Jerry Silver, professor of neuroscience at Case Western University, is particularly excited about this new off switch. Silver is using optogenetics to explore bladder control in spinal cord injury, and has been using light to turn off nerves that relax the bladder. These nerves are located in the lower spine, an especially vulnerable area, and the current generation of halorhodopsins require a high intensity of light to get a measurable effect.
“We were worried that we’d need a lot of light, which creates a lot of heat,” says Silver. “With these new tools that are more sensitive, we might not need as much light, which generates less heat, and the light can invade the tissue much farther, and that’s why I’m so excited about this new generation.”
In addition to engineering a powerful off switch, Deisseroth’s team surmounted another major obstacle in optogenetics–activating a whole neural circuit. While scientists can genetically target light switches to specific types of neurons, it’s more difficult to identify and genetically manipulate the cells downstream or upstream of those neurons. Being able to control whole circuits of neurons at a time, at light speed, could give scientists a better understanding of the neural connections involved in behavioral tasks like learning and memory, and diseases like depression and obsessive compulsive disorder.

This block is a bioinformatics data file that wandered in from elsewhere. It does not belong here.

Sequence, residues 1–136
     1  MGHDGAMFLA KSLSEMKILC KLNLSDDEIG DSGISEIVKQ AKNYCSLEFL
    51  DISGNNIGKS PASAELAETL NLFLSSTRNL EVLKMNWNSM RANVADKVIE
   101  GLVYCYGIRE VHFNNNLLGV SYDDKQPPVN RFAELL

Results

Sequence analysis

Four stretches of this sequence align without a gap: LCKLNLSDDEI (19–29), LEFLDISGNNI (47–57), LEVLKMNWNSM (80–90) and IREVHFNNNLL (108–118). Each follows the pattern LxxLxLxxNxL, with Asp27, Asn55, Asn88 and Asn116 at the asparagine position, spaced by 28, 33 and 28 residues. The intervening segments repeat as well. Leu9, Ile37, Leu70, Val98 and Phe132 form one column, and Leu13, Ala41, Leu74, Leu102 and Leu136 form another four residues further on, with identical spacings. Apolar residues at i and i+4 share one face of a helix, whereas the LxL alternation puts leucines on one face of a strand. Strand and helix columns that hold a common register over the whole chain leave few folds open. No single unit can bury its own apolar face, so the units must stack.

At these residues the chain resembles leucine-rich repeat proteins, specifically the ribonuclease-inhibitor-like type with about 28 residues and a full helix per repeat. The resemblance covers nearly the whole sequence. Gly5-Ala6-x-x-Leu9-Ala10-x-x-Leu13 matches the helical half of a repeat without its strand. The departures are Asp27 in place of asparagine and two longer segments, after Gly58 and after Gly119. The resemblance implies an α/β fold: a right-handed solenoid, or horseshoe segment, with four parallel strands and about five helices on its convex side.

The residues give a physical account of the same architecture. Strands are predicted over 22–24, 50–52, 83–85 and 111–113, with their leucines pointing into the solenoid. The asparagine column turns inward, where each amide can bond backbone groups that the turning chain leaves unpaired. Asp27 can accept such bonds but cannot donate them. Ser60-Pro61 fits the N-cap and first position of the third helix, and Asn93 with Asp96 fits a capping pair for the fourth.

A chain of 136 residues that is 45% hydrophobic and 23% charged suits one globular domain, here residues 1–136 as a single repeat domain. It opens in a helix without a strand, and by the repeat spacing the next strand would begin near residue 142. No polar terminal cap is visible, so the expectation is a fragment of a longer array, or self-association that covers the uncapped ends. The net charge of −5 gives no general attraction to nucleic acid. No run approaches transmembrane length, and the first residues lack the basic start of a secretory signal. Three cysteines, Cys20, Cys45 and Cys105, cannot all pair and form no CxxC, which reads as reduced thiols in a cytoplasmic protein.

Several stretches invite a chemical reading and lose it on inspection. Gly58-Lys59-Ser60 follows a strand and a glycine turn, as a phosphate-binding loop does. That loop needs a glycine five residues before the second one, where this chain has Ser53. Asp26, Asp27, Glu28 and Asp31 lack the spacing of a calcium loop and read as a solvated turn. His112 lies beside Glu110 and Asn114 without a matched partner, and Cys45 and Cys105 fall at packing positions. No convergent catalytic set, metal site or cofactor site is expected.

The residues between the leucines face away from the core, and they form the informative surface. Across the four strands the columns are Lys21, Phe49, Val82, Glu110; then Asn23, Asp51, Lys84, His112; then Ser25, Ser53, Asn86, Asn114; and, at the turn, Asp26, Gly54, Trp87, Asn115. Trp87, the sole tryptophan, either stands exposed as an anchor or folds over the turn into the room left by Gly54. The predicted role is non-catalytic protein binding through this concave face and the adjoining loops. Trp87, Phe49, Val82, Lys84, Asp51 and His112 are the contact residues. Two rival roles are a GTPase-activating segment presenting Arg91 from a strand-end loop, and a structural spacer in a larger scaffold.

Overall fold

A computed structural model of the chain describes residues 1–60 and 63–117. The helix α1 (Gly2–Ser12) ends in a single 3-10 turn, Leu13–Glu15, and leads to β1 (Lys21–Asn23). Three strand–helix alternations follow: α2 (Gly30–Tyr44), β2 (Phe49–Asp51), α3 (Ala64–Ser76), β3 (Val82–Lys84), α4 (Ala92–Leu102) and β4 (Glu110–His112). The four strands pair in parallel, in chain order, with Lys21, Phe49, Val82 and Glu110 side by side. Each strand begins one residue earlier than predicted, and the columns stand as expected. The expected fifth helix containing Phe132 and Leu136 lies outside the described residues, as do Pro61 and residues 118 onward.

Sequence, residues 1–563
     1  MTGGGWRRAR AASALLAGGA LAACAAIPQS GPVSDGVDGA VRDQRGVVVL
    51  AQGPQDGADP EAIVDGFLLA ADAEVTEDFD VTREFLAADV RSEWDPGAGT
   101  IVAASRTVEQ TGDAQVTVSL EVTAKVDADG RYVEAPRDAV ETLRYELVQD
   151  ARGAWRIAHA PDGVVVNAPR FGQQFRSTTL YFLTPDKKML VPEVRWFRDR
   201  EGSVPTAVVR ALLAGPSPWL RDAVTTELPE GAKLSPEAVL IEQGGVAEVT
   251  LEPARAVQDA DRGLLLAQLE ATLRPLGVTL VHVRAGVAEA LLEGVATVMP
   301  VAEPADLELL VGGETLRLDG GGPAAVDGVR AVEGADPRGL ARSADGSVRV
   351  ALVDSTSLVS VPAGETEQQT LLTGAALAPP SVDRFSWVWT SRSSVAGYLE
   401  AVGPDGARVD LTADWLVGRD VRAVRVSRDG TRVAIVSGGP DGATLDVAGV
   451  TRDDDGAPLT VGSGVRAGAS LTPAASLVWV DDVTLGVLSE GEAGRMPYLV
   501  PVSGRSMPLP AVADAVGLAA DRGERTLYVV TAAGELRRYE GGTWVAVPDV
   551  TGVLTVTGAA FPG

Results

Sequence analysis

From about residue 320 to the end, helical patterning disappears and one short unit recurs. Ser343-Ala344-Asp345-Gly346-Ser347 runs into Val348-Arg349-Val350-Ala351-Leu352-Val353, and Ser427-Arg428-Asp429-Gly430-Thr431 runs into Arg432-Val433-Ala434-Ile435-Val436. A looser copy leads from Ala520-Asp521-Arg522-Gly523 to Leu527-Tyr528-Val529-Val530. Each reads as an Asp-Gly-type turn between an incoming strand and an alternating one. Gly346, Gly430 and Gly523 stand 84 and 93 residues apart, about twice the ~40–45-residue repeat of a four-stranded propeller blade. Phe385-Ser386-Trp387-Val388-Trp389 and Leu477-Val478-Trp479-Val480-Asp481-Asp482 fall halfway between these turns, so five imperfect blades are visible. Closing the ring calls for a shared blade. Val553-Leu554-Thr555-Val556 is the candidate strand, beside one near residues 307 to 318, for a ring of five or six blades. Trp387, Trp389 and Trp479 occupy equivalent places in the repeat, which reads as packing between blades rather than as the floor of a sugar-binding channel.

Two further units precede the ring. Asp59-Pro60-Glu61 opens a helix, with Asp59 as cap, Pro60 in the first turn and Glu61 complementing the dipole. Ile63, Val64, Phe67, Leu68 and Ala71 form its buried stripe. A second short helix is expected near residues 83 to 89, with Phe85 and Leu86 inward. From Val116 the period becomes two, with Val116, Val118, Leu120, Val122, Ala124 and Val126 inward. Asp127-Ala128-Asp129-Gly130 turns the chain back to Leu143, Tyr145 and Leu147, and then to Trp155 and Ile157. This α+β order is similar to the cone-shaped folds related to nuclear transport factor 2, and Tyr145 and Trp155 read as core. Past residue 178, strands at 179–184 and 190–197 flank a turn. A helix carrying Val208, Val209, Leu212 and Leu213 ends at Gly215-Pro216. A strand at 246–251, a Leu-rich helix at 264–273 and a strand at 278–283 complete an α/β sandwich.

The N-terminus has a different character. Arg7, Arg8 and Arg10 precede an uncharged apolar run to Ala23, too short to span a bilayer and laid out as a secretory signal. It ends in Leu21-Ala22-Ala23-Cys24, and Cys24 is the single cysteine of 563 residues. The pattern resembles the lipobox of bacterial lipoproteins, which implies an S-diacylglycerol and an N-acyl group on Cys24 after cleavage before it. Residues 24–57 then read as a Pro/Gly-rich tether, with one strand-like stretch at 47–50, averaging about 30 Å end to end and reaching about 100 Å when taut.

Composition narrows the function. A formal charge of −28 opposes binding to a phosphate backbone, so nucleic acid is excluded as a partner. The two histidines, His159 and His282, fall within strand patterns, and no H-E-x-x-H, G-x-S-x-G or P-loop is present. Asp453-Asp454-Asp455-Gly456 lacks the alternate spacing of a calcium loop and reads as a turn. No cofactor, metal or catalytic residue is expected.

To activate a neural circuit, Deisseroth first injected a genetic light switch into a motor neuron of a mouse. He manipulated the switch to only work in the presence of another molecule, CRE. Deisseroth injected CRE, along with a trafficking molecule, into another region of the mouse brain. The trafficking molecule “bodily drags CRE from cell to cell,” tracing a route back to the target neuron, he says. The CRE unlocks the light switch, and in the presence of blue light, the neuron–and the entire circuit–is activated.
“We think that overcomes, or takes a step toward overcoming, the major remaining limitations of optogenetics,” says Deisseroth. “The big challenge is to bring these tools to bear on disease models, and I see patients with autism and depression, and we’ll look [to use these tools], and try to come to a circuit understanding of those diseases.”